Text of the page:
The Court recently had to determine whether a dispute with respect to a shared facilities agreement must proceed to mediation and arbitration or whether it could be heard in court (see Metropolitan Toronto Condominium Corporation No. 965 v. Metropolitan Toronto Condominium Corporation Nos. 1031 and 1056 (2014) SCJ).
The plaintiff, a condominium, brought an application against two other condominiums claiming they had breached the shared facilities agreement (SFA) they were all parties to. The plaintiff condominium also alleged that the other two condominiums were acting oppressively. The defendants brought a motion asking the court to stay (put a stop to) the action and order arbitration. The defendant condominiums argued that the shared facilities agreement required arbitration of disputes. They also argued that section 132 of the Condominium Act, 1998 required mediation and arbitration of disputes with respect to shared facilities disputes. The plaintiff condominium argued that mediation and arbitration was not required because it was seeking relief under section 135 of the Condominium Act, 1998 (oppression).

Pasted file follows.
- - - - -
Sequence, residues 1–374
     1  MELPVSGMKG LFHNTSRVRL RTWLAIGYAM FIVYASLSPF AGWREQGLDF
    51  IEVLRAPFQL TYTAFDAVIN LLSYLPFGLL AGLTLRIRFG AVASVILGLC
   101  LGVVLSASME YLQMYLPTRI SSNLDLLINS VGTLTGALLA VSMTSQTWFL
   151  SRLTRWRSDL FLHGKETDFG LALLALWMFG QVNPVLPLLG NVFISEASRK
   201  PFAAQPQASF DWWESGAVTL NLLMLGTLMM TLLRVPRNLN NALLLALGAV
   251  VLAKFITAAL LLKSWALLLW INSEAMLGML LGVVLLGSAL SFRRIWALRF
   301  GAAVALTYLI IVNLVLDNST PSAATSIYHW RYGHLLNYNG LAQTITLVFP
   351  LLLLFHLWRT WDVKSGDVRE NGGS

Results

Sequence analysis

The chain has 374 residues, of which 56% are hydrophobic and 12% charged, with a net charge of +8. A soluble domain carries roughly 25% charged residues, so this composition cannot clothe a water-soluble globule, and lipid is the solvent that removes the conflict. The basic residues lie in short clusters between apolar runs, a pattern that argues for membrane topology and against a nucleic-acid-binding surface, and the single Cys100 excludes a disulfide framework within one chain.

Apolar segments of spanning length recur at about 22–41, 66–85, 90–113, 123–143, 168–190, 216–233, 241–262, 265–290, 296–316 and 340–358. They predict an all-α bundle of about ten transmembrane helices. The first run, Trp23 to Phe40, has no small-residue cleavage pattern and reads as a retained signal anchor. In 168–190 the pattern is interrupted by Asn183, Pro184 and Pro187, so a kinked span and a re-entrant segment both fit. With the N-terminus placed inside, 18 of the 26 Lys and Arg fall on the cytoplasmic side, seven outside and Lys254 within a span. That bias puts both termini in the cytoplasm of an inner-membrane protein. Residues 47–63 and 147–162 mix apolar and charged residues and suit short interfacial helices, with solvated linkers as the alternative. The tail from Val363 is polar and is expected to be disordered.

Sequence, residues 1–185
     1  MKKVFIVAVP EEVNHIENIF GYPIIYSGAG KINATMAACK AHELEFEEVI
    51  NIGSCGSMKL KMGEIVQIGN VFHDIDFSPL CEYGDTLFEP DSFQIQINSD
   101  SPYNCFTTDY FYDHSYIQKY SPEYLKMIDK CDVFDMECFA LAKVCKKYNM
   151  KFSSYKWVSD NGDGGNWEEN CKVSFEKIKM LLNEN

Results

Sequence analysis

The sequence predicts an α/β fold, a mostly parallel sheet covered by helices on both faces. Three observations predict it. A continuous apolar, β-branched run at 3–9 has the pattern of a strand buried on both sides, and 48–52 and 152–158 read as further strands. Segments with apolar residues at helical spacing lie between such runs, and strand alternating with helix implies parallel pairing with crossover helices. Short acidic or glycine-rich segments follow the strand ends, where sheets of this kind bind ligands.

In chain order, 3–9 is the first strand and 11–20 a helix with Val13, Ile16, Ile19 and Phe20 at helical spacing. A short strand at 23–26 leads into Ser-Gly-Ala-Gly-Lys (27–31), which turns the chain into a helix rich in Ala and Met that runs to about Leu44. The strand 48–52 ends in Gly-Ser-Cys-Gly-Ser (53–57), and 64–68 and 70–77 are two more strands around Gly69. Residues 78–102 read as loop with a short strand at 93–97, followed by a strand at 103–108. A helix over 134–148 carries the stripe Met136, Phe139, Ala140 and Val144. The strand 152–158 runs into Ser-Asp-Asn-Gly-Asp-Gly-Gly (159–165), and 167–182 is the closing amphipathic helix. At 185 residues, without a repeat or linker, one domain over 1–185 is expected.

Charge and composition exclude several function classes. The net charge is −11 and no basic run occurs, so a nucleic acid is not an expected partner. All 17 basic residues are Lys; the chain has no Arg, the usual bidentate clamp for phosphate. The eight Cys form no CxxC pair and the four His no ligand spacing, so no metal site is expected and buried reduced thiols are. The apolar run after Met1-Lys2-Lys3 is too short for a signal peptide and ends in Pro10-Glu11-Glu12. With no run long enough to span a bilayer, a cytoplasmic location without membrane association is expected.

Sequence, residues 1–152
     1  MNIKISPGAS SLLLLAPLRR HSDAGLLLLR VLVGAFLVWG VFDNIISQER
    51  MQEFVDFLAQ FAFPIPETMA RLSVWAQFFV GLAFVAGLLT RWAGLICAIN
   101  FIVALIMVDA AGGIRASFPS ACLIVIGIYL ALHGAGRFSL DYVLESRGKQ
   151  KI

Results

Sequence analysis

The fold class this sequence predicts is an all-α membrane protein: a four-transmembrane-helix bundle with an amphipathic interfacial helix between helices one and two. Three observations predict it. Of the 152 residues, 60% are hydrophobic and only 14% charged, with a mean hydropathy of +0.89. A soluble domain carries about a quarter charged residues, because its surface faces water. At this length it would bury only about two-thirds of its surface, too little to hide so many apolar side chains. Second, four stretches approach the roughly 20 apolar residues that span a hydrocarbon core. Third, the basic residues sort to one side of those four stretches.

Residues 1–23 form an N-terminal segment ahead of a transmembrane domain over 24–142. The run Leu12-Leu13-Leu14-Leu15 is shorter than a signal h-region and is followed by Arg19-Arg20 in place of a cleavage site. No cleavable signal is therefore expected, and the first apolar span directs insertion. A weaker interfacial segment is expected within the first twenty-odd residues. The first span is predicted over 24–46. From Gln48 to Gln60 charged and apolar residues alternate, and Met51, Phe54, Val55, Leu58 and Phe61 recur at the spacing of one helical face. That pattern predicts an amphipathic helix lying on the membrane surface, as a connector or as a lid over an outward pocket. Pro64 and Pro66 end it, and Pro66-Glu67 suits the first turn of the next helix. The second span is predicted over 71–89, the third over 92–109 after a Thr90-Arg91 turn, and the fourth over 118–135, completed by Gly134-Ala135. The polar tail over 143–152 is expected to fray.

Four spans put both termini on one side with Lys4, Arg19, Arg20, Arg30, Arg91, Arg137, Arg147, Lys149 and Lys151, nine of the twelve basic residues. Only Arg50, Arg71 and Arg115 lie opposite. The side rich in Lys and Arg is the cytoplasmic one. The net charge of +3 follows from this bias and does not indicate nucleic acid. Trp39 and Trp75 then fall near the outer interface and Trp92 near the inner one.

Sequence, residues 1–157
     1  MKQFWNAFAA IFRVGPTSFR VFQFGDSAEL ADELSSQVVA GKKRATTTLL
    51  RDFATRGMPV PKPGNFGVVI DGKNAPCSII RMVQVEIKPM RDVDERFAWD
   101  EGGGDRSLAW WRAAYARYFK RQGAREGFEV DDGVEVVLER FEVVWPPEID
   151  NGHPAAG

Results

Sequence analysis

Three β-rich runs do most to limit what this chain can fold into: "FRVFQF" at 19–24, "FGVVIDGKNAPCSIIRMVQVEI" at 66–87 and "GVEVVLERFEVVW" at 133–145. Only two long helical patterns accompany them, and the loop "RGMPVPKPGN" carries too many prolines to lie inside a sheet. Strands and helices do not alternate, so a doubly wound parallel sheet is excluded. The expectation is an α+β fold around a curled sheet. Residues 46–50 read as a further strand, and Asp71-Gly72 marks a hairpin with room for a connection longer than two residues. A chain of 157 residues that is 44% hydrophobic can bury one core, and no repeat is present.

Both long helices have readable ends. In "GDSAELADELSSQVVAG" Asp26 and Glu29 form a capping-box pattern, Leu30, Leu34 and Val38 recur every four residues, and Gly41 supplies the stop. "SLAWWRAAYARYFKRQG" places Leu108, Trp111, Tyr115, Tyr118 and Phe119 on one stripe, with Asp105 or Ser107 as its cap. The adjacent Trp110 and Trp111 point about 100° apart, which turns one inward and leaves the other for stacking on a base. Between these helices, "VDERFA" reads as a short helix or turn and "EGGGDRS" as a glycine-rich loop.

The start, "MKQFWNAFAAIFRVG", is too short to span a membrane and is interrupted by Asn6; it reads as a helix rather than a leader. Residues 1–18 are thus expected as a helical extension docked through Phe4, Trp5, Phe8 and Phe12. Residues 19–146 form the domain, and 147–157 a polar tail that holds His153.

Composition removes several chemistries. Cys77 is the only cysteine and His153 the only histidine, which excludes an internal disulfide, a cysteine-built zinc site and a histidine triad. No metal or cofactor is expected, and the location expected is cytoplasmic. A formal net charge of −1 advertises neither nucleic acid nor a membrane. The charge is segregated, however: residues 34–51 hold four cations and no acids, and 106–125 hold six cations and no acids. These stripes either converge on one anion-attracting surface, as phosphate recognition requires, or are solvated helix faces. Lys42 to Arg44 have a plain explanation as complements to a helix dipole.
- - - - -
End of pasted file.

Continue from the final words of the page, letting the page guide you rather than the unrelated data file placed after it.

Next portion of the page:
The Court stayed the action as it “is at least arguable that the dispute between the parties is arbitrable” (the test according to the Arbitration Act, 1991). The judge said:
The practical effect of the position taken by the plaintiff would be that even where parties have, as in the present case, expressly turned their minds to the issue of dispute resolution and decided to arbitrate their disputes, all a party would need to do to avoid its agreement to arbitrate is to categorise all or part of its dispute as oppression.
This case serves as another warning to lawyers and condominiums – don’t try to avoid the mandatory mediation/arbitration requirements in the Act by categorizing everything as oppression. Oppression should be reserved for those rare cases where the conduct is extreme. There is no need to manufacture a tornado to blow out a match.